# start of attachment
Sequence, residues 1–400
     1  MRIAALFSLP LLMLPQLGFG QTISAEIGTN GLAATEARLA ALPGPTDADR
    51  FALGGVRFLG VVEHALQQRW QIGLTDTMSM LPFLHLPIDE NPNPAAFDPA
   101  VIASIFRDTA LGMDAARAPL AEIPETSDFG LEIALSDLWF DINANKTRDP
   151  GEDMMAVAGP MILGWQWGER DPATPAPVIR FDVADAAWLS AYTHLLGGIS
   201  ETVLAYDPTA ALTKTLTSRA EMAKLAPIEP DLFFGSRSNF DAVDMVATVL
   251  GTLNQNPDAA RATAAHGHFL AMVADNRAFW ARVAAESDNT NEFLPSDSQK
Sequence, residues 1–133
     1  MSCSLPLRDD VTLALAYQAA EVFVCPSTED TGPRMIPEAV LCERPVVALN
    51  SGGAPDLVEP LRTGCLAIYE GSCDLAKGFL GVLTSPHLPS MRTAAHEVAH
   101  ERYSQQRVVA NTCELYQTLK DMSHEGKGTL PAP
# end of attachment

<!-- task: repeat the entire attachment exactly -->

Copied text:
Sequence, residues 1–400
     1  MRIAALFSLP LLMLPQLGFG QTISAEIGTN GLAATEARLA ALPGPTDADR
    51  FALGGVRFLG VVEHALQQRW QIGLTDTMSM LPFLHLPIDE NPNPAAFDPA
   101  VIASIFRDTA LGMDAARAPL AEIPETSDFG LEIALSDLWF DINANKTRDP
   151  GEDMMAVAGP MILGWQWGER DPATPAPVIR FDVADAAWLS AYTHLLGGIS
   201  ETVLAYDPTA ALTKTLTSRA EMAKLAPIEP DLFFGSRSNF DAVDMVATVL
   251  GTLNQNPDAA RATAAHGHFL AMVADNRAFW ARVAAESDNT NEFLPSDSQK
Sequence, residues 1–133
     1  MSCSLPLRDD VTLALAYQAA EVFVCPSTED TGPRMIPEAV LCERPVVALN
    51  SGGAPDLVEP LRTGCLAIYE GSCDLAKGFL GVLTSPHLPS MRTAAHEVAH
   101  ERYSQQRVVA NTCELYQTLK DMSHEGKGTL PAP